Once I moved away from the barbell, I began doing bench press reps with only dumbbells and kettlebells. Both of these tools are ideal for a lot of exercises, not just bench presses. It’s more natural to do overhead presses with dumbbells, too, and it’s much easier to squat with a dumbbell, held in the goblet position at your chest, instead of doing squats with a barbell plastered to your back. Even when you’re squatting with a barbell, this can nag your shoulders; they need to stay tighter than you think during barbell squats to protect your midback.
By switching to dumbbells and no longer battling shoulder pain, I was able to focus on squeezing my chest instead of simply pushing the weight. This contraction eventually helped me gain even more strength and size in my pecs. So don’t be afraid to change tools, no matter how many people stare at the gym. Years later, I’d take a course called the Pain-Free Performance Specialist Certification. This certification points out that the barbell deadlift and barbell squat, two more exercises most guys think they need to do, are actually the most complex forms of hinging and squatting, respectively.
When in doubt and battling pain, there’s a good chance getting away from the barbell will help you.
Your gym bros don’t define your workout.
I was working out with a training partner as I was embarking on this non-barbell journey, and the last thing I wanted to do was choose different exercises than him—especially since my exercise seemed “weaker.”
By switching to dumbbells, I needed to go a bit lighter with my presses, because my shoulders faced new stability demands. At first, this didn’t sit right, because my partner, was definitely far more of a classic gym-bro wannabe. So more than a few times, he needled me just a bit, pointing out that I wasn’t lifting as heavy, or telling me I was ruining the workout. And it wasn’t completely unfair either, since I was legitimately complicating things: we suddenly needed two benches to get our workouts done.
Thing is, I started coming to the gym alone, and I had training goals long before I had a training partner. Our bodies were different; he was older and stockier with shorter arms, more able to deal with inconsistencies in his bench press form. I needed to realize that and tune out any smirks. Funnily enough, weeks later, he switched to dumbbells, too. I’d led him to a better, more joint-safe press.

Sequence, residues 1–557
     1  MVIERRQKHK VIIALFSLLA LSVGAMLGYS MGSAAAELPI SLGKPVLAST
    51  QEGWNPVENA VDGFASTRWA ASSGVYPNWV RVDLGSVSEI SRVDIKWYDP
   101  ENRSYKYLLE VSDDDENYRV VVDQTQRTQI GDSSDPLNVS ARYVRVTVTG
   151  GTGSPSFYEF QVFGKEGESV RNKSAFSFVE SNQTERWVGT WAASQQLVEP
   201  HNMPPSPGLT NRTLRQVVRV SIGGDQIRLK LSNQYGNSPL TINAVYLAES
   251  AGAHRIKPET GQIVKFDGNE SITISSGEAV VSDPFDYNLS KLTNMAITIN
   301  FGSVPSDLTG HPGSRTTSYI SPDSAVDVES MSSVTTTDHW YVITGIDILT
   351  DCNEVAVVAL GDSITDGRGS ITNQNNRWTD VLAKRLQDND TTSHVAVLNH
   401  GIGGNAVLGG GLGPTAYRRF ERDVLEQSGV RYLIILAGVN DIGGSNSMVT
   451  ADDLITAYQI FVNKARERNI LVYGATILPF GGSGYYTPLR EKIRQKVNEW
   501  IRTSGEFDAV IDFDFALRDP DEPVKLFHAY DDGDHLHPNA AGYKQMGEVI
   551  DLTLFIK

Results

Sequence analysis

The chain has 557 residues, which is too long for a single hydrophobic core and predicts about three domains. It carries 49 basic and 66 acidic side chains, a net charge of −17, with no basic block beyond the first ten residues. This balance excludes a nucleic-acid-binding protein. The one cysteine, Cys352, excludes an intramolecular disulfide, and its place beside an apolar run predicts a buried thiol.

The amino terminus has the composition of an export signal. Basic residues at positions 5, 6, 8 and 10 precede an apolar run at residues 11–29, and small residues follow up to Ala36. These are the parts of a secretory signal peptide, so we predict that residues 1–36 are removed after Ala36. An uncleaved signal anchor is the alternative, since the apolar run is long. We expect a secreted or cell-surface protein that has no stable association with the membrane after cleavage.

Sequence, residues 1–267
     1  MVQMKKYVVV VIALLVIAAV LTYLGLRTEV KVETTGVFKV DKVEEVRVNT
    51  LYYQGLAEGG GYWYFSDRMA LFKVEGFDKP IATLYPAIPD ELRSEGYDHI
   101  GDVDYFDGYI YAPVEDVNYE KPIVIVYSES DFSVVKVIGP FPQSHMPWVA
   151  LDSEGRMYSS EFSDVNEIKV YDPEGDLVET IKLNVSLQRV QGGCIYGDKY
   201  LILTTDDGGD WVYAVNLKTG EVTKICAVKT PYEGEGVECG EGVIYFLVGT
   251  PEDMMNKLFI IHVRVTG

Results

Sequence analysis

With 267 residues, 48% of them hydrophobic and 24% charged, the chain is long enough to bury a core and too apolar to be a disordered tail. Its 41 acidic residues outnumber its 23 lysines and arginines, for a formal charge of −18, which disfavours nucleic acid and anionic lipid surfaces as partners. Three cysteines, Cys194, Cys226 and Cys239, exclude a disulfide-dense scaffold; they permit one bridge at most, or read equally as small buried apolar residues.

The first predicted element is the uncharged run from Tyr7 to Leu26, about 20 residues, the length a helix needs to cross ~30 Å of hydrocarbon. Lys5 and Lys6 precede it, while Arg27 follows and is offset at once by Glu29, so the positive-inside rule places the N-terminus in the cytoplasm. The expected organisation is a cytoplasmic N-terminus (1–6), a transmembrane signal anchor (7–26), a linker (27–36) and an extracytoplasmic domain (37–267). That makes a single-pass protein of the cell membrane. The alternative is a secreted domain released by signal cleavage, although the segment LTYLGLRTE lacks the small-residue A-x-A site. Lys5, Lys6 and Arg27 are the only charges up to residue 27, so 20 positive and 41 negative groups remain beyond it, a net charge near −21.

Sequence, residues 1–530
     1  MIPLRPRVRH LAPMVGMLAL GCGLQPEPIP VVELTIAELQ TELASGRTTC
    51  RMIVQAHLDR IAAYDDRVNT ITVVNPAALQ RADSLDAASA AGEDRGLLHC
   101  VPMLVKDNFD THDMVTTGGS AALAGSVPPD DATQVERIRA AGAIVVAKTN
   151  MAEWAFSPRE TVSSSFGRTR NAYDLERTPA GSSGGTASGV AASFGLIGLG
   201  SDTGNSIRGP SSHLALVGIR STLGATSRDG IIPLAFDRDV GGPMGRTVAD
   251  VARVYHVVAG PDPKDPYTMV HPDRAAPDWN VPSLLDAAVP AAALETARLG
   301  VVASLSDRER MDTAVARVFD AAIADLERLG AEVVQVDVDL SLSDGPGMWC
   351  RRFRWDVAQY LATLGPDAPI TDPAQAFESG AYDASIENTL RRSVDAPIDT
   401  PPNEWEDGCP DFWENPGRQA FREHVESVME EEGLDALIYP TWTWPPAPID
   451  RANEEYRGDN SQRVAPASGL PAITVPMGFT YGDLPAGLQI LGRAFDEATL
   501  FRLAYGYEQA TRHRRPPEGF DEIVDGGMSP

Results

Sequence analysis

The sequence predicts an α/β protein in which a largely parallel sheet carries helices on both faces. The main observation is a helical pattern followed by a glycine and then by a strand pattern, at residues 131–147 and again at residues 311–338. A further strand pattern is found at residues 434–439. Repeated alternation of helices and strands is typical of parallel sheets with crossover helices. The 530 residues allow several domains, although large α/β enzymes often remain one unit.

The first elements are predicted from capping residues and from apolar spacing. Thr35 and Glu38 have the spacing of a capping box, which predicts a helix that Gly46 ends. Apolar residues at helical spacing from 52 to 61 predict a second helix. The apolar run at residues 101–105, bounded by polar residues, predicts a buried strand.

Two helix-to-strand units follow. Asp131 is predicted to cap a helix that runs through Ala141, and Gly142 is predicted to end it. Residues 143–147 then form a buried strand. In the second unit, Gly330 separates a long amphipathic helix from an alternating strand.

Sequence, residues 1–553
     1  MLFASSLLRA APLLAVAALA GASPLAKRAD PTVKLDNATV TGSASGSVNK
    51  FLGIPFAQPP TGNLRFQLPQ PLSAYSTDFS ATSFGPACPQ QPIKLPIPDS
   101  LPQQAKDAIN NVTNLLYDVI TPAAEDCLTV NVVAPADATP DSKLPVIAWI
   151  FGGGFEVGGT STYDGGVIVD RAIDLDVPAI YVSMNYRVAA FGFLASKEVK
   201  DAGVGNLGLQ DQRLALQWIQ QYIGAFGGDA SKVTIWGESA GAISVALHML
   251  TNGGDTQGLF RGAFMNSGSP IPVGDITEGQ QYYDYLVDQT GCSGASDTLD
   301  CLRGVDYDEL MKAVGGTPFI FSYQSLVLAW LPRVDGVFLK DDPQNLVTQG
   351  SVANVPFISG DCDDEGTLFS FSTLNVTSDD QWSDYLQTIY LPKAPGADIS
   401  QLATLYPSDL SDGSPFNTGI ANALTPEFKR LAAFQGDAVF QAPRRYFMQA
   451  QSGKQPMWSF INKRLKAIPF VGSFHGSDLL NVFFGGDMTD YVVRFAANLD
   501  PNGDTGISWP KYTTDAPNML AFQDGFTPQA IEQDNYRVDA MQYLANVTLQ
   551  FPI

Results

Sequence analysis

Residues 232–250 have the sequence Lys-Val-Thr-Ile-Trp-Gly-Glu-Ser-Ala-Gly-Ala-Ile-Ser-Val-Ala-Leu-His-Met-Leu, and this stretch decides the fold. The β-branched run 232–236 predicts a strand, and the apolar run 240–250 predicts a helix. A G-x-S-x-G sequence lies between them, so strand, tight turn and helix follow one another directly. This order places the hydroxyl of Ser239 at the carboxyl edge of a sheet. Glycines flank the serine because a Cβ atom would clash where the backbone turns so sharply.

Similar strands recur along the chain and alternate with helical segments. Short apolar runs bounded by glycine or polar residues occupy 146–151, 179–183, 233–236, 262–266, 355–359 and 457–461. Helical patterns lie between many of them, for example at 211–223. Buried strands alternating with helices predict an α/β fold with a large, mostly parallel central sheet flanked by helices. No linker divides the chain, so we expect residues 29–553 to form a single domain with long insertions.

Don’t be afraid to be the leader in your own workouts, either. Whether you’re training with a partner or training with a group, even if they’re all doing pullups, you can still do chinups if that’s easier on your elbows. You can still curl dumbbells even when they grab barbells. Lead your workouts in a new direction, and watch your friends follow your example.
Quitting now may make you stronger later.
At the time I ditched the bench press, I harbored a faint hope I’d one day give the exercise a try again. But shifting to dumbbells did something else for me, too: It helped me build greater shoulder stability, and understand how to properly position my forearms to get the most out of my chest. My mechanics on the bench press improved, and I quickly started moving larger weights.
Then, about three years ago, on a whim, after a full chest workout, I decided to experiment on the barbell bench press again. So with great care (since my shoulders hated the move years before), I did reps first with 135 pounds, then with 185 pounds. In both situations, I felt no pain. Then I returned to my one-time holy grail, the 225-pound bench press and, just to be safe, I asked somebody nearby for a spot, knowing full well I might blow out my shoulder in this one moment.
Except I didn’t. I’d spent so long honing my technique that the weigh flew up eight times. And over the last three years, I’ve reintroduced barbell bench presses here and there, and I can comfortably lift serious weight with the exercise, too.
It’s no longer a gym requirement for me, and realizing that there are no gym requirements has helped me in other ways, too. Much like barbell presses, for a time, I ditched conventional deadlifts. I recently returned to those, after years focusing on the trap bar, and, similar to the barbell bench press, I’ve found these deadlifts easier because I’m more mechanically sound.
Quitting an exercise isn’t the end. It’s the beginning of a freer version of fitness—and that version of fitness can push you to the gains you actually want.